Uterine contractility patterns were studied in an attempt to identify those women on tocolytic therapy at risk for preterm delivery. One hundred sixteen women treated successfully after an episode of preterm labor were followed with an ambulatory tocodynamometer system. Contractions were monitored twice daily for 1 hour until delivery or until 36 completed weeks of gestation. In this group, 52 women (45%) delivered preterm and 64 (55%) delivered at term. The analysis revealed that 1) from 24–29 weeks’ gestation, there was no significant difference in the uterine activity between the two groups; and 2) beginning at 30 weeks’ gestation and continuing until the end of the 36th week of gestation, uterine activity was significantly greater in women destined to deliver preterm. These observations suggest that the patterns of daily uterine contractility observed in patients after an episode of preterm labor can identify those at greater risk for a preterm delivery.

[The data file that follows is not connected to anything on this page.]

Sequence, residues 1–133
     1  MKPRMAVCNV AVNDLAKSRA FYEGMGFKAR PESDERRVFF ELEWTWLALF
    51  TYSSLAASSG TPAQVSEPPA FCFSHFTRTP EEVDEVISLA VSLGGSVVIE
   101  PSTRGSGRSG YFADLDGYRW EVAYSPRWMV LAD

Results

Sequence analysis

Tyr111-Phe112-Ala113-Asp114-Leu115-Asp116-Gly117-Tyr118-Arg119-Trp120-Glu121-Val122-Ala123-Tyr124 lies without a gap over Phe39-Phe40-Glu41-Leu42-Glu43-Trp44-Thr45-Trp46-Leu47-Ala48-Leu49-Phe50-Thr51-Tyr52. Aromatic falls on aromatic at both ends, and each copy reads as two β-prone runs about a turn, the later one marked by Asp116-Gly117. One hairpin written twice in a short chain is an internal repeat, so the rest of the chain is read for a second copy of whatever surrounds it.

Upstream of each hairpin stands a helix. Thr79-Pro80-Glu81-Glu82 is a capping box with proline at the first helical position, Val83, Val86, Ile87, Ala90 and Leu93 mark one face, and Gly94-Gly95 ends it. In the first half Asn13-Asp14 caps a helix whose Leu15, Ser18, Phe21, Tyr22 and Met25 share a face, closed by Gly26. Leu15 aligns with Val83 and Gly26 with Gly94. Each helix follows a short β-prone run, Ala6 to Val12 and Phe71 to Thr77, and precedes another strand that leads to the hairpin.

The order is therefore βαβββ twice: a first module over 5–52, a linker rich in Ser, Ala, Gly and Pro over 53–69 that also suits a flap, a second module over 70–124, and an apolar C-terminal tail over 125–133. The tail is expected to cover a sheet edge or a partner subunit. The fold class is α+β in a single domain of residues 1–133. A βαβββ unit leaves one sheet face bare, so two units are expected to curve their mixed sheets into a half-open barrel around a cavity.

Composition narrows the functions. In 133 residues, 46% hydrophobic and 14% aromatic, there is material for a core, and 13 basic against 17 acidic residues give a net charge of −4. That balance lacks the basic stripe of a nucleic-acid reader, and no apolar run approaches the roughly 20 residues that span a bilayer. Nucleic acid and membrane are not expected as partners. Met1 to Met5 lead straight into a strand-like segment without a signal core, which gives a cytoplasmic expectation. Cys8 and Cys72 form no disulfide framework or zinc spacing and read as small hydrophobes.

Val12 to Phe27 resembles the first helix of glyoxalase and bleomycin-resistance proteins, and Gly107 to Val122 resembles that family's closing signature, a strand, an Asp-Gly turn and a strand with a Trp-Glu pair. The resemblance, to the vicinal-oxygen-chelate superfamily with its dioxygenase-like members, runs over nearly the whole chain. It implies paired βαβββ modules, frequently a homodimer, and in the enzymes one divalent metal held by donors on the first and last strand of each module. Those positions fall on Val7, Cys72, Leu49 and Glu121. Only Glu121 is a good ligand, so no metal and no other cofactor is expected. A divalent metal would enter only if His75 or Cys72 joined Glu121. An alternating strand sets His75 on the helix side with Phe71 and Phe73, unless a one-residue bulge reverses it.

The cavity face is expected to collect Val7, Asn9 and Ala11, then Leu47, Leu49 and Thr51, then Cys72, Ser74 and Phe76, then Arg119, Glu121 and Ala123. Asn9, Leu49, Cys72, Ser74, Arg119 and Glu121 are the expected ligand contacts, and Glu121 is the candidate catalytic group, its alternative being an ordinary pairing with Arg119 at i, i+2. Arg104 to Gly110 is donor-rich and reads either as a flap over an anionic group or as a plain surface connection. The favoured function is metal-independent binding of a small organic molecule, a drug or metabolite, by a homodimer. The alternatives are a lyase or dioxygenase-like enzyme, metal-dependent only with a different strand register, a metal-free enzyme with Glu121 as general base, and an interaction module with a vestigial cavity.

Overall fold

|Original language||English (US)|
|Number of pages||4|
|Journal||Obstetrics and gynecology|
|Publication status||Published - Mar 1990|
ASJC Scopus subject areas
- Obstetrics and Gynecology